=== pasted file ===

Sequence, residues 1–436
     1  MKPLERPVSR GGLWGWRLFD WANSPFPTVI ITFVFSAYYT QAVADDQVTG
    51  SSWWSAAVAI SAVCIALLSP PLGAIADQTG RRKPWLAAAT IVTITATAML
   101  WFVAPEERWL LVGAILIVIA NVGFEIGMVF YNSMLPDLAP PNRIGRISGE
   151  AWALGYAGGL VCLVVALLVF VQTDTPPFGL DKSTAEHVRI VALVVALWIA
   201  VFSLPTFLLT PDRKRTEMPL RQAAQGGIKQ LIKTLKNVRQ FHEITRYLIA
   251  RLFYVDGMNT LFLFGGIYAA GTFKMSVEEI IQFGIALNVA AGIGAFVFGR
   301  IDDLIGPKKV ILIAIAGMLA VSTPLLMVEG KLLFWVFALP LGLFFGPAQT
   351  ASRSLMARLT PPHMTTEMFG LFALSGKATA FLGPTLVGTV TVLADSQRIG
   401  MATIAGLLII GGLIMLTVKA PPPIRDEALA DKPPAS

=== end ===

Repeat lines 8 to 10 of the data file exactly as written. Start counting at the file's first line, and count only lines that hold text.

   301  IDDLIGPKKV ILIAIAGMLA VSTPLLMVEG KLLFWVFALP LGLFFGPAQT
   351  ASRSLMARLT PPHMTTEMFG LFALSGKATA FLGPTLVGTV TVLADSQRIG
   401  MATIAGLLII GGLIMLTVKA PPPIRDEALA DKPPAS